20 September 2018
By Greg Denieffe
You wait 56 years for your first Olympic class gold medal to come along at a World Rowing Championships (first held in 1962) and less than 24 hours for your second. Such is life for Team Ireland and its supporters after what could be considered the country’s finest collective performance on the water and it must also be said, off the water. All the competitors were quick to praise the ‘team behind the team’.
The haul of two gold medals – in the women’s single sculls and the men’s lightweight double sculls – is the stuff of dreams (in 2001, it was three gold medals; all of them in non-Olympic events) and supporting those victories were fine performances by the women’s pair who were sixth and the men’s double sculls who were ninth; that’s four crews within the qualification placings for the Tokyo Olympic Games. The women’s double sculls and women’s lightweight double sculls (both 13th) are within striking distance of those qualification places which will be up for grabs in Linz Ottensheim, Austria, at the end of August next year. In addition, the men’s lightweight quad made the A-final, placing fifth and will certainly improve on that whilst keeping the O’Donovan Brothers honest.
Of course, it was those two Skibbereen boys who served up that first gold medal in what was a loaded LM2x event. The absence of lightweight sweep rowing in Tokyo has killed the lightweight fours event and sent those lighties with ambitions to be Olympians into the double. Worse is to come for these athletes; for what was once ‘one oar bad, two oars (sculls) good’ could easily become ‘no oars best’ with the over-powerful IOC sticking its oar in (IMO sticking it in where it is not wanted or needed) to World Rowing’s affairs.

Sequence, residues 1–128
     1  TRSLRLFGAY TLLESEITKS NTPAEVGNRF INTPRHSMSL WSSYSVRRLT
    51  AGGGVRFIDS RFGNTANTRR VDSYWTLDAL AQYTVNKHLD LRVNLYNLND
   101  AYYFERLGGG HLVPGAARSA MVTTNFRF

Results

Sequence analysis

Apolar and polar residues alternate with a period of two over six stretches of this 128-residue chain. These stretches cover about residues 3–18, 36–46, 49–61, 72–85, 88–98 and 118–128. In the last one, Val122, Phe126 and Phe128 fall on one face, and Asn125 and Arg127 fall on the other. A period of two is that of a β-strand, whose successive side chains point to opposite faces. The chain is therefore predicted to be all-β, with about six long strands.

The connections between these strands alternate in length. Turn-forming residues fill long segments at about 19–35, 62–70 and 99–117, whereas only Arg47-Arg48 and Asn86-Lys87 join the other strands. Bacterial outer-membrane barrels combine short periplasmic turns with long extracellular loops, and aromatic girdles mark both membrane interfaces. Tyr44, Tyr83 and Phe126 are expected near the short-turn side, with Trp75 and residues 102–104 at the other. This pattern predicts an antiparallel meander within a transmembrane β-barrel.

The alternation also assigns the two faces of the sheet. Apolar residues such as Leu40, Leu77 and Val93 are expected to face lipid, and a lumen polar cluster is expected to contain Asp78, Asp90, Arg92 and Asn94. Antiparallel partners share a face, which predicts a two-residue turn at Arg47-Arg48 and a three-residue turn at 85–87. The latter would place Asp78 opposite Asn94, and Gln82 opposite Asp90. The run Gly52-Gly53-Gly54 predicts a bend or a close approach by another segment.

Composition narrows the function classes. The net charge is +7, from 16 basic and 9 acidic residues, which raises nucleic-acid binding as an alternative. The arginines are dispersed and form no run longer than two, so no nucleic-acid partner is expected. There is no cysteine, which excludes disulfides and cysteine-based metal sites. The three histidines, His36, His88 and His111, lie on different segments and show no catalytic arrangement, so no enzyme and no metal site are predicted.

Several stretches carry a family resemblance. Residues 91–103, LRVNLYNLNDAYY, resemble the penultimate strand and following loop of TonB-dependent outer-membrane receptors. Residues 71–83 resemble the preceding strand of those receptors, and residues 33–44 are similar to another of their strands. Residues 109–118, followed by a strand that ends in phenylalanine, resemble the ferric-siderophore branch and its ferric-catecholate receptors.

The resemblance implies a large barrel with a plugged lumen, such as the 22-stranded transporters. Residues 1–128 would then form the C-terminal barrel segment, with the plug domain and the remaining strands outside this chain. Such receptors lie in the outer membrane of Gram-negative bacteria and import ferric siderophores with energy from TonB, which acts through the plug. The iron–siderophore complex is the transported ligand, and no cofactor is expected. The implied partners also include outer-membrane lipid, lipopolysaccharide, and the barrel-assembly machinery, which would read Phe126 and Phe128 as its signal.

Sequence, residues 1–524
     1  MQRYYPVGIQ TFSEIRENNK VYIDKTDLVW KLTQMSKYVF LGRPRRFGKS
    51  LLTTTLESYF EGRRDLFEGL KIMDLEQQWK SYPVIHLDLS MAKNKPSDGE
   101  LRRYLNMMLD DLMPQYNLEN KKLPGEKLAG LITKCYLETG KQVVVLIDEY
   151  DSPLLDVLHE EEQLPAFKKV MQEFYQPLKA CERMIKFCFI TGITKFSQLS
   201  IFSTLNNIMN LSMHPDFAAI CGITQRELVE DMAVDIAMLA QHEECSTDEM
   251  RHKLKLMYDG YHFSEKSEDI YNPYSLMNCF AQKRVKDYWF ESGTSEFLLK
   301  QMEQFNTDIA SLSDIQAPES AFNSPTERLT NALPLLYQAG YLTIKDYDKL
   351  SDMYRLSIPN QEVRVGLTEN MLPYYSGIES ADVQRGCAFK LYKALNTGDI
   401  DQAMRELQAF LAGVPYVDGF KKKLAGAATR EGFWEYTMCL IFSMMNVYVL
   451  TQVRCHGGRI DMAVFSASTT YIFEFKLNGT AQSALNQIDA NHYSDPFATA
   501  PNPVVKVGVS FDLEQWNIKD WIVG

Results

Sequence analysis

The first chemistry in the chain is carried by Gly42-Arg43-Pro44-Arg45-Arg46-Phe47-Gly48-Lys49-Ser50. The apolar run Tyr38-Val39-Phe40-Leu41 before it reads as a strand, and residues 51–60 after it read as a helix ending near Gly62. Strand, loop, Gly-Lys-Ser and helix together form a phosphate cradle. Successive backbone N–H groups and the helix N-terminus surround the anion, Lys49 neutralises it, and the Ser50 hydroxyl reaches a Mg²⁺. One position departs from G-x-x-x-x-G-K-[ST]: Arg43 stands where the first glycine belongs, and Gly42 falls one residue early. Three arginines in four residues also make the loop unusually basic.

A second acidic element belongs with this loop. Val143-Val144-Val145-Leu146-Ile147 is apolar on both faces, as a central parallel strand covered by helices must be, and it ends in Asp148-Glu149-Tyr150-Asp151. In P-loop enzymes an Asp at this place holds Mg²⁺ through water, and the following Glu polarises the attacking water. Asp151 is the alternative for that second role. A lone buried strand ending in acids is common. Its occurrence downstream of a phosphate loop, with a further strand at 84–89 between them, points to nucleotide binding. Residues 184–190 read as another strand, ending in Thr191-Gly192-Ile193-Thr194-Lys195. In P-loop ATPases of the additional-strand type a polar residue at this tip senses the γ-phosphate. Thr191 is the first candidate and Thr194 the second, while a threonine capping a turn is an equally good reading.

Plovdiv produced some amazing racing, some wonderful TV shots and some problems that should not have occurred. The quarter-finals of the LM2x was the craziest racing I’ve seen since the heats of the W1x in Rio 2016. Gary and Paul O’Donovan raced their hearts out in an unfavoured lane to win their quarter-final and paid the price the following day when they could only finish third in their semi-final, a semi-final that provided all three medallists. I wasn’t worried where they came in the semi as long as they qualified because I felt that the two-day rest before the final would see a 100% recovery in time for the only race that really mattered. Apparently, the rowing course at Plovdiv has a micro-climate and using weather forecasters with local knowledge would have flagged up the strange wind pattern that caused lanes five and six to provide seven qualifiers for the semi-finals of the LM2x. Ireland and Belgium were the only two crews to qualify from the other half of the course. Both won medals, split by the high rating Italians. The classy Norwegian double would surely have taken a medal if they did not have to make a late substitution – don’t believe everything that cheeky Paul O’Donovan had to say about Norway’s misfortune in loosing Kristoffer Brun to illness.
The Irish double was drawn in lane six for the final; Paul commented ‘you can row hard in any lane’ and row hard they did. Watch a replay of the race here and read the report in The Irish Times here. This win was a big deal, not as big as their silver medal in Rio, which inspired so many to take up the sport and remind every Irish rower what could be achieved by athletes from small nations on a tight budget.